It’s an impressive list. And it’s getting longer. Woburn. Valderrama. Huntingdale. Muirfield Village. Doral.
Merion. Cog Hill. Congressional. Aronimink. And now, Royal
Aberdeen. When Justin Rose
wins tournaments on either
the PGA or European tours, it’s
safe to say he doesn’t do so on
The latest addition to his
burgeoning portfolio of titles is the Aberdeen Asset Management Scottish Open, Rose’s maiden victory as a professional in the home of golf. But surely not his last, given
the clinically impressive manner in which the 33-year-old
Englishman saw off a high-profile field and, perhaps more
significantly, mastered a variety of meteorological conditions on one of golf’s classic links.
Wildly varying versions of wind, rain, mist (in the shape
of a Scottish haar) and warm sunshine were all present at
various times over four days in the northeast corner of Caledonia—surely not coincidentally, three of the top 10 finishers
were Scots—but all of it mattered little to the new world No. 3.
“I’ve been known to win some nice tournaments on some
nice courses,” said Rose with commendable understatement
after a closing 65, six under par, gave him a 16-under 268
and a two-shot edge over runner-up Kristoffer Broberg of
Sweden. “And winning at Royal Aberdeen certainly fits that
profile. I’m delighted to have won a tournament of this mag-
nitude on such a challenging layout. On every shot you have
to make three or four calculations: for wind, for how much
Sadly, with a few notable exceptions, even that basic
arithmetic was beyond the ken of a significant number of the
156-strong starting lineup. Transported into a world many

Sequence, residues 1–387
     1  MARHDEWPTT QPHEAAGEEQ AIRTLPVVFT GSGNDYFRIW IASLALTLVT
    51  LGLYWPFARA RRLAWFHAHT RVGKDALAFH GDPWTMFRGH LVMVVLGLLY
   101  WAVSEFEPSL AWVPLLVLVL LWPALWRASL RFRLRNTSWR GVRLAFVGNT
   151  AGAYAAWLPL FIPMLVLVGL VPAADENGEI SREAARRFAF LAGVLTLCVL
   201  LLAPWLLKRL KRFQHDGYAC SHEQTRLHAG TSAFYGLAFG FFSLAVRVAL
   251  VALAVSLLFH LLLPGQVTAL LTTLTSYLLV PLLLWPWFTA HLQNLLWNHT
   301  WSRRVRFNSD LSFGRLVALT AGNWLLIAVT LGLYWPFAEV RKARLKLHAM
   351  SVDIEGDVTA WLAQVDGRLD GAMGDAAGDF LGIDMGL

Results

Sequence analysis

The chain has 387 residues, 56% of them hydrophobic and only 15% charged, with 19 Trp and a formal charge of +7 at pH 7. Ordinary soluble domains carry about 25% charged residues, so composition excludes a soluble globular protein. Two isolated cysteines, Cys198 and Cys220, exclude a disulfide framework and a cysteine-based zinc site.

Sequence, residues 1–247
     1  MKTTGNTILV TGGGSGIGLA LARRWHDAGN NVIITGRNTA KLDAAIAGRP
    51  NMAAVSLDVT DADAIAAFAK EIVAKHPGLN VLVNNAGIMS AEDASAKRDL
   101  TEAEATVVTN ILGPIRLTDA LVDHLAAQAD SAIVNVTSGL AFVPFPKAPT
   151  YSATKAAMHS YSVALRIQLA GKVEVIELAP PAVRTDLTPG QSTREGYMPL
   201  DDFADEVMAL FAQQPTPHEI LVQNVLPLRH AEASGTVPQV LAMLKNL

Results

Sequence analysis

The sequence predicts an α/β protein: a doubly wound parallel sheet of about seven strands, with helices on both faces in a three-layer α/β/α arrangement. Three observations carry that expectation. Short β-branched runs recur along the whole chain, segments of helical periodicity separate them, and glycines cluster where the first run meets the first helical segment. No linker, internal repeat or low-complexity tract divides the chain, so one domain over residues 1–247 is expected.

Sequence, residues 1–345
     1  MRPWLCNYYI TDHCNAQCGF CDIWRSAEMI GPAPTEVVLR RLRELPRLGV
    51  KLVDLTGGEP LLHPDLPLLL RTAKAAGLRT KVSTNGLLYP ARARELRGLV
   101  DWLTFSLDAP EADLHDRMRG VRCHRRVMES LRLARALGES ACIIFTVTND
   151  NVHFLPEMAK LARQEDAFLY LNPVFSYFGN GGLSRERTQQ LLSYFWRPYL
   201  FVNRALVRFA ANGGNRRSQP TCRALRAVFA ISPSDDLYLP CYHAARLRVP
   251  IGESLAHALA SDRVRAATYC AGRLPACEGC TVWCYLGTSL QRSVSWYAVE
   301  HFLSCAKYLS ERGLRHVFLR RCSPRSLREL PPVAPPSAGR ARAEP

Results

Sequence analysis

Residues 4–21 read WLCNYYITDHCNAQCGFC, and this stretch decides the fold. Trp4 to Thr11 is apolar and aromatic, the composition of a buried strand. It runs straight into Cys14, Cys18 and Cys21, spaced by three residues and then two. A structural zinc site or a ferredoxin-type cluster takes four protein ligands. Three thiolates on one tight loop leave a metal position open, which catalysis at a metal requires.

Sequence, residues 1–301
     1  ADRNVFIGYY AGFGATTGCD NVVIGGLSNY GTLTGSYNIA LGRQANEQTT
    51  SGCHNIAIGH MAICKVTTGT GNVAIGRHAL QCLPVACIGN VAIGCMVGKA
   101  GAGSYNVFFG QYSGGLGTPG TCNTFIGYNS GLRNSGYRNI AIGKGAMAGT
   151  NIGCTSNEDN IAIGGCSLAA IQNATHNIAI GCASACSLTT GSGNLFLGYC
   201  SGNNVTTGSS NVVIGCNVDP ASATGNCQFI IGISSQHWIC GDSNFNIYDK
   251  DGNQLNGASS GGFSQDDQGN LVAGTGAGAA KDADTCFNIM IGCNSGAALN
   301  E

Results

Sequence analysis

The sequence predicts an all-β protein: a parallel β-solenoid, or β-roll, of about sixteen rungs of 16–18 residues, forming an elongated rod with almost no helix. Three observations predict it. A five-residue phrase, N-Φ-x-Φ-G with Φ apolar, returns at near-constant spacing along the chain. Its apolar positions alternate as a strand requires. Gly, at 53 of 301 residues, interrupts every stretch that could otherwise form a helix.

had apparently never experienced before, the nuances,
eccentricities and shotmaking requirements of golf by the
seaside seemed to be perplexing, befuddling and, for a sig-
nificant number, utterly bewildering.
When the wind blew just a little bit strongly on Day 2,
much carnage ensued. Although far from alone, Florida-based Scot Russell Knox was perhaps the most notable victim. Leading the tournament and eight under for the first 30
holes of his professional debut in his homeland, the 28-year-
old Highlander finished at even par, courtesy of two double
bogeys and four bogeys over the closing six holes.
“There have been times this week when I have wanted to
scream ‘stop’ to some of the young guys I’ve seen hitting shots
that were just wrong for the situation they happened to be
in,” sighed former British Open champion Darren Clarke, a
resident of Portrush in Northern Ireland. “Without naming
any names, I’ve seen any number of them hitting shots as hard
as they can into the wind. Which is madness. All that does is
‘up-shoot’ the ball and create way too much spin.
“Then there were the guys who either ignored or don’t see
the obvious shot along the ground. And sometimes it is obvious.
I’ve seen others hitting shots that go ‘with’ a crosswind—which
is fine if you want to hit a long tee shot—but not for an approach
to greens as firm as they are here. Far better to hold the ball up
into the breeze so that it will land softer and run less.
“I’ve actually had a wee laugh to myself when I’ve heard
players complaining about balls bounding over the back of
greens after they have hit shots that ride the wind. What
do they expect? I’m not sure that stems from a basic lack of
understanding. More likely it’s the result of them just not
playing much links golf.”
Clarke was not alone in his condemnation of a generation
reared on the comfort zones of forgiving modern equipment
and an almost constant diet of what might politely be termed
“We older guys grew up playing more links golf than
youngsters do these days,” said 57-year-old, six-time major
champion Nick Faldo, who shot a brace of 73s in his fifth
competitive appearance of 2014. “My contemporaries knew
the value of hitting to the middle of the green and not being
too aggressive when it isn’t really smart or necessary. The
old school had more shots in them.
˘ EUROPEAN TOUR